Windows 10 will be getting a Power throttling feature

The Windows 10 Creators Update introduced a Game Mode that would, in theory, hand over most of the hardware resources and processing power to games. Now it seems that Microsoft has plans to go the other way and introduce a feature that would reduce programs' use of resources in order to prolong battery life. "Power throttling" isn't going to be its final name, but that pretty much explains what it does. The feature will allocate just enough processing power to background processes to keep them running while keeping power consumption to a minimum.

Gamers already had their fun in the Creators Update. Soon, power-conscious users will have their due as well. Battery life isn't just a concern for smartphones. It's even more important for those who need their laptops or tablets for working on the go. Microsoft has been playing around with automatic power adjustment for quite a while now and it is now getting read to roll it out to the general public.

The Windows 10 version of power throttling will be mirroring some of the developments that are happening in the mobile space. The OS, in this case, Windows 10, tries to be smart and determine which processes and programs are important to the user. That that are get allocated more CPU power while those that aren't are throttled down.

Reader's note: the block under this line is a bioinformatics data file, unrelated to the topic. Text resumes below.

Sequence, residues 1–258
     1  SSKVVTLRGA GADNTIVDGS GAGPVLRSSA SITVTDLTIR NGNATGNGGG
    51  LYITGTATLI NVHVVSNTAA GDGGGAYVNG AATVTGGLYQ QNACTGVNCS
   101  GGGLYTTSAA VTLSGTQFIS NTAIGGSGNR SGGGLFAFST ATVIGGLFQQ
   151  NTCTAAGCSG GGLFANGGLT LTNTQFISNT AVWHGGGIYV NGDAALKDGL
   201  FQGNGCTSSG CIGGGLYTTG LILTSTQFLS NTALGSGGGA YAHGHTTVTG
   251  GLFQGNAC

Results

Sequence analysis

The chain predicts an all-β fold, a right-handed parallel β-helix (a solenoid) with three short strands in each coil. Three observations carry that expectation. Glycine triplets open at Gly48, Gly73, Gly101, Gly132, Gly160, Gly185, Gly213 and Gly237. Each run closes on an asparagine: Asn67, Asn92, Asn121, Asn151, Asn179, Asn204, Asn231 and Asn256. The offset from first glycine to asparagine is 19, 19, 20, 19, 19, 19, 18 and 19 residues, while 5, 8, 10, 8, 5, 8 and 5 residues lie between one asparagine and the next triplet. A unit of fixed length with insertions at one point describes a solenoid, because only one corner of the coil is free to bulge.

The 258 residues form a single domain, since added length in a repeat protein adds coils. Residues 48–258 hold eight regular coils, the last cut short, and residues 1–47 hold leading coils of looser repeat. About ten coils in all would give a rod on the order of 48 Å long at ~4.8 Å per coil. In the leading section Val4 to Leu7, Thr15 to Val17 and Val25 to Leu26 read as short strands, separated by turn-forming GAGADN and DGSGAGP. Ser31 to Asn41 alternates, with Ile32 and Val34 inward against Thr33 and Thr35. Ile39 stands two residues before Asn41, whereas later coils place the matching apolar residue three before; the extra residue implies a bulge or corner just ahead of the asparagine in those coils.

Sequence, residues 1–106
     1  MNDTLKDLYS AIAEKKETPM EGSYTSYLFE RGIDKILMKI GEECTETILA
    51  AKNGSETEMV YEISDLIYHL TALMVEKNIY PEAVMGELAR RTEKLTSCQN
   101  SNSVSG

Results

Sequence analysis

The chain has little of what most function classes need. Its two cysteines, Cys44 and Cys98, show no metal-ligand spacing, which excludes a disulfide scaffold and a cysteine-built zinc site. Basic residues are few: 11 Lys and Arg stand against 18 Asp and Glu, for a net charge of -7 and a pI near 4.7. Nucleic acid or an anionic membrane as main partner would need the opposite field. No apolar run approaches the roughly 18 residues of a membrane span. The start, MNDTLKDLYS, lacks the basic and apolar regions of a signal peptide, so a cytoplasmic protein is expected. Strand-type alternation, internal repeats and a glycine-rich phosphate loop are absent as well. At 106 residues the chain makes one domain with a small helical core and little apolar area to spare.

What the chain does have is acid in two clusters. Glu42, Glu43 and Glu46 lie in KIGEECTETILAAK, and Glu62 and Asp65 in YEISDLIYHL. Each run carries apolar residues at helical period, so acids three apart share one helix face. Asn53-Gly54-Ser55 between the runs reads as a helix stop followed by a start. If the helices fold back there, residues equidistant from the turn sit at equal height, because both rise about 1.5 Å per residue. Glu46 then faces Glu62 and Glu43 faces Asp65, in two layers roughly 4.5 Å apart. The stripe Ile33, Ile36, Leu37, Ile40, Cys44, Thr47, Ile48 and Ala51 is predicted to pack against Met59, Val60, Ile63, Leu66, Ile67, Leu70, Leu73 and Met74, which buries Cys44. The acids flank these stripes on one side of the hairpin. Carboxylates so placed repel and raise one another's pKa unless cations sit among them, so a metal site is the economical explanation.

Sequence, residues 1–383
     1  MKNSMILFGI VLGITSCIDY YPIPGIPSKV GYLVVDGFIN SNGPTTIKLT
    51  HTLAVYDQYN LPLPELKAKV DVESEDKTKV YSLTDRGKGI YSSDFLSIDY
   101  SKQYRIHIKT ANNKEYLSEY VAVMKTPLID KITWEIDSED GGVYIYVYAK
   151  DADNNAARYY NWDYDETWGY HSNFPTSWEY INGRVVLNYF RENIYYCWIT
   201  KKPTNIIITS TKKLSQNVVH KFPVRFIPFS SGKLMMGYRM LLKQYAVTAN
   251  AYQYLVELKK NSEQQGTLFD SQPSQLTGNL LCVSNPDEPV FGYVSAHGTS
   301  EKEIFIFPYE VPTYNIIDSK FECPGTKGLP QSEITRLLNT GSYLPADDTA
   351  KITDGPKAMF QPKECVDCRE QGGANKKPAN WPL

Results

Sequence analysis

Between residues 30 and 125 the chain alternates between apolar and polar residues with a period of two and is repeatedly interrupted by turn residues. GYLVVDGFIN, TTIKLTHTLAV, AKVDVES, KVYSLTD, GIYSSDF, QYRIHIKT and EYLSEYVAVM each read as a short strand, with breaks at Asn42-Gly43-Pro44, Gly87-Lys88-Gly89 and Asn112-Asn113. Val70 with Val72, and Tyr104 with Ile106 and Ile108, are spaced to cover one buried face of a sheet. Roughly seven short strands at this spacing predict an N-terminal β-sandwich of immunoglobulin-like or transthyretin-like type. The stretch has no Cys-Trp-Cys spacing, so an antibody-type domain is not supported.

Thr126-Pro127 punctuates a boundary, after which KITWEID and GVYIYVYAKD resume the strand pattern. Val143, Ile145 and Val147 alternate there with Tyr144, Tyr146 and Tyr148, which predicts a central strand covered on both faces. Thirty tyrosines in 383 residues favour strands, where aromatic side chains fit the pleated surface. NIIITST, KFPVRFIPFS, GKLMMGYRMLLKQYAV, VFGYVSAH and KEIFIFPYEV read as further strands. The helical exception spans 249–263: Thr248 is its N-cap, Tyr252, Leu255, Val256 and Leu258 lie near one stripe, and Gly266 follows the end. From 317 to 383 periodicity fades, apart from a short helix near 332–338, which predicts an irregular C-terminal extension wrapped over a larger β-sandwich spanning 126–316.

Like with many "smart" and automated systems like this, it isn't going to be perfect. There will be times when Windows 10 thinks an app should be throttled when you believe otherwise. Users have three recourses when this happens. One, they can tell Microsoft, via the Feedback Hub app, that this or that program shouldn't be throttled. They can also tune the system-wide power settings via the new Power Slider. Or they can manually go through a five-step process to opt out of Windows 10's managed power throttling on a per-app basis.

Power throttling, final name still to be discussed, is being rolled out in the latest Windows 10 Insider Preview. However, the feature will only work on machines running on a 6th gen or later Intel Core processor, given it uses Intel's Speed Shift feature. It is, of course, also a subtle way for Microsoft to convince users to only use the latest Windows version on the latest processors, whether or not those processors are perfectly capable of using older versions.

SOURCE: Microsoft